It’s really starting to feel like fall here, perfect for long walks with our dogs. That fall weather can bring some special hazards, though (and we know that firsthand, having been rattled at by one rattlesnake and seeing both a coral snake and a water moccasin in the past month!) Today we’ve got a special guest post from Dr. Diane Pomerance, animal behaviorist, about the dangers your dog faces during the autumn months:
We seldom associate the autumn with hazards to our health or the health of our pets. Most of us look forward to this invigorating, busy and active time of year. Who would imagine that a hike in the woods or meadows on a cool crisp, autumn day might produce potential harm to our pets via rodents, fleas, ticks, snakes or mushrooms – yes, mushrooms that grow during the spring and fall, which are attractive to the eye and yet can be poisonous. Actually poisonous mushrooms can cause a range of health issues from gastroenteritis to severe hallucinations and can even prove fatal if ingested. Contact your veterinarian immediately if your pet has eaten a wild mushroom.
During the fall, rodents are ever present in cities in urban as well as rural areas as they search for shelter from the cold weather. They build nests and also attempt to infiltrate our homes for warmth and comfort. It’s important to be careful when using rodenticides around the house, the garage, and back yard, as they are highly toxic to pets and cause bleeding disorders that can be deadly. You may wish to consider using traps rather than a rodenticide to solve a rodent problem.
Snakes are also a fall related hazard to your pet’s well being. As they prepare to hibernate for the winter, they may be found in unusual places unexpectedly by your pet. Familiarize yourself with the various types of venomous snakes that inhabit your area and where they are generally located at this time of year. Then AVOID these areas!
Fall is back to school time, so make sure your children’s school supplies, i.e. pens, magic markers, paints, glue and glue guns, etc. are out of your pet’s reach. They can cause digestive and intestinal problems if consumed.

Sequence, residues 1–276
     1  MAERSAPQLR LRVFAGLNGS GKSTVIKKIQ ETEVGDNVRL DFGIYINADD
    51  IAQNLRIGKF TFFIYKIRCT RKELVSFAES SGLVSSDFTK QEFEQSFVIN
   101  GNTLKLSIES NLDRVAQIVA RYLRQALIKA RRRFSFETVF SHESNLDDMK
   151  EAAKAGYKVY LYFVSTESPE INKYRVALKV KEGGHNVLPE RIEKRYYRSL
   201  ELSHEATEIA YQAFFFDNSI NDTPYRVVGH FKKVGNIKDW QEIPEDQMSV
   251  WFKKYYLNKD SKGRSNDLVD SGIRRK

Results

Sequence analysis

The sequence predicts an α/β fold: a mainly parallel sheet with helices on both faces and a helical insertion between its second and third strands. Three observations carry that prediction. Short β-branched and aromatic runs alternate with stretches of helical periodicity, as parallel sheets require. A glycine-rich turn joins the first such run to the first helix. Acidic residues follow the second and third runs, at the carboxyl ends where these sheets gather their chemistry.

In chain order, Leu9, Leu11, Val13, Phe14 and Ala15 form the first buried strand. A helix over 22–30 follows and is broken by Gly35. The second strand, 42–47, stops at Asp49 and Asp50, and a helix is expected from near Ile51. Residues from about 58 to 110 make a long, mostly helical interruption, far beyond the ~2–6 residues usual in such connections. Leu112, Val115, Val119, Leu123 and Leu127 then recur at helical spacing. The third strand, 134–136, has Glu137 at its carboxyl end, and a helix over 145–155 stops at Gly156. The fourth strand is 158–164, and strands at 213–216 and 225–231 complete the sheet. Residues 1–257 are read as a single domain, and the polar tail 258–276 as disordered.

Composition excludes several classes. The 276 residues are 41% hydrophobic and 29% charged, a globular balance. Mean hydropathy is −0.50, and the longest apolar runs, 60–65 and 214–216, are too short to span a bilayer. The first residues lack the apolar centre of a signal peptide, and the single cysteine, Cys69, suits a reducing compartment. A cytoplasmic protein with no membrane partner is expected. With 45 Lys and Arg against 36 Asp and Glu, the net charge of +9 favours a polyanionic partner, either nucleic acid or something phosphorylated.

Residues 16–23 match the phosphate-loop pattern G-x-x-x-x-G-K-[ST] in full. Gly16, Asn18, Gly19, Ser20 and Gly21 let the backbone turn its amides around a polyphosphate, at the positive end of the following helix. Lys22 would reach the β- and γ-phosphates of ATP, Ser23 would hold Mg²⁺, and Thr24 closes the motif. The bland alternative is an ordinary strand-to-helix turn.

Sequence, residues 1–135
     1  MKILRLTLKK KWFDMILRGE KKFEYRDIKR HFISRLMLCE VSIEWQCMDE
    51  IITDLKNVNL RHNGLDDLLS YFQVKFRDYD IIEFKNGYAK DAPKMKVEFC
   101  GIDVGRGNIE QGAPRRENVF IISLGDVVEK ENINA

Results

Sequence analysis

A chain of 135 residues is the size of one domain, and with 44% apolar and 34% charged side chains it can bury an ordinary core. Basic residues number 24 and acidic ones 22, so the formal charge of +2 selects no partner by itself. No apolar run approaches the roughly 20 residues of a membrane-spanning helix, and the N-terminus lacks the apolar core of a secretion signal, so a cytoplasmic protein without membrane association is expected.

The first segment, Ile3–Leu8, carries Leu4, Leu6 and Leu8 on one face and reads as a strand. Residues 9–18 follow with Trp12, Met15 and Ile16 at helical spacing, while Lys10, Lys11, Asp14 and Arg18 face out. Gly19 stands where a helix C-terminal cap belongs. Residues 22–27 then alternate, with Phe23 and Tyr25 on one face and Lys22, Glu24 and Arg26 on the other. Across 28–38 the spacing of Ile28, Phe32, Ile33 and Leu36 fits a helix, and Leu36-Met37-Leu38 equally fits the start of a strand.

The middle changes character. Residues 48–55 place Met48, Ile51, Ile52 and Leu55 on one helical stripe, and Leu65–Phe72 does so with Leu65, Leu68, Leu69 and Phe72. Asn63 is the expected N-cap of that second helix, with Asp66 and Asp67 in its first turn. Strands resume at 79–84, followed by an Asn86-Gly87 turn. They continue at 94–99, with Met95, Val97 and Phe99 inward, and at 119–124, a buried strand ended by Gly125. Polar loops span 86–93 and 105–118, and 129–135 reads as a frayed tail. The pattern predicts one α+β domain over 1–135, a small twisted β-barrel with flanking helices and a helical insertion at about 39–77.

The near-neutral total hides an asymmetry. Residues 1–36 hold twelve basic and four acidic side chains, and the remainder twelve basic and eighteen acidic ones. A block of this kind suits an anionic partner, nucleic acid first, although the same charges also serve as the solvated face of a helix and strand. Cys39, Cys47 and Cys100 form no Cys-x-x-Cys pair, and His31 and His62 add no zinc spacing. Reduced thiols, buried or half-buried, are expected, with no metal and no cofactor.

You may wish to increase the caloric intake of your pet in colder weather. During the heat of summer, your pet may have been eating less. However, in the cooler months your pet needs to generate more body heat to keep him warm.
Make sure that your pet always has an abundance of cool and clean water and that he remains hydrated. Check his outdoor water bowls frequently and also make SURE his water has not frozen. Use plastic rather than metal bowls or containers for his water.
If you are preparing your car for the colder winter weather and are changing the engine coolant, be aware that many coolant products contain a chemical called Ethylene Glycol that is highly toxic to your pet. Check the ingredients and make sure you use a pet friendly and safe coolant product. Also, clean up any spillage of a coolant product so that your pet can’t find and lick it up!
Finally, gradually expose and increase your pet’s exposure to the colder weather and don’t leave him outside in uncomfortably cold weather for any length of time. Moderate his activity and monitor the amount of time he spends outdoors.
Socialize your pet by taking him for walks in your neighborhood or the park. I have learned that our pets love meeting and greeting pet lovers and pets as much as much as we humans do. This is also the time of year when it is generally safe (check the temperature outside, of course) when you can actually enjoy taking your pet with you on errands without worrying that he is going to get overheated or too cold in the car.
Savor the colors, flavors and scents of the season. Enjoy spending quality indoor as well as outdoor time with your best furry friend and companion.
Do you have a question for Dr. Diane? We’re proud to say she provides expert tips here on DogTipper so please send in your questions on our Ask Dr. Diane contact form! Dr. Pomerance is an animal behavior specialist and an expert on topics such as deciding which puppy is best for your family, how to pick out a rescue, and on healing from the loss of a pet.
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